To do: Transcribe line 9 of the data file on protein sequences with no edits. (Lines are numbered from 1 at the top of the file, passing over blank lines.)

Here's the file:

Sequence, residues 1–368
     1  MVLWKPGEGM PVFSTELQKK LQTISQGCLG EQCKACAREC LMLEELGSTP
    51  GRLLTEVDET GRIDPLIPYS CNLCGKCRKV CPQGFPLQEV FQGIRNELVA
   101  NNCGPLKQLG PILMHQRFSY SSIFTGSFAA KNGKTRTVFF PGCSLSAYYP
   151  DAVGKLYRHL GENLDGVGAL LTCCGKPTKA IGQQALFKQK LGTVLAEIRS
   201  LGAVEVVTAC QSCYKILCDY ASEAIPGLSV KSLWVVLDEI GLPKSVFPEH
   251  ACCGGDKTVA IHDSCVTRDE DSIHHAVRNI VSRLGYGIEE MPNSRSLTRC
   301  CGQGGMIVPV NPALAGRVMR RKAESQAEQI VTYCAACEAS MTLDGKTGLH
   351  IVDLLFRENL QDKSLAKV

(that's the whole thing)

   351  IVDLLFRENL QDKSLAKV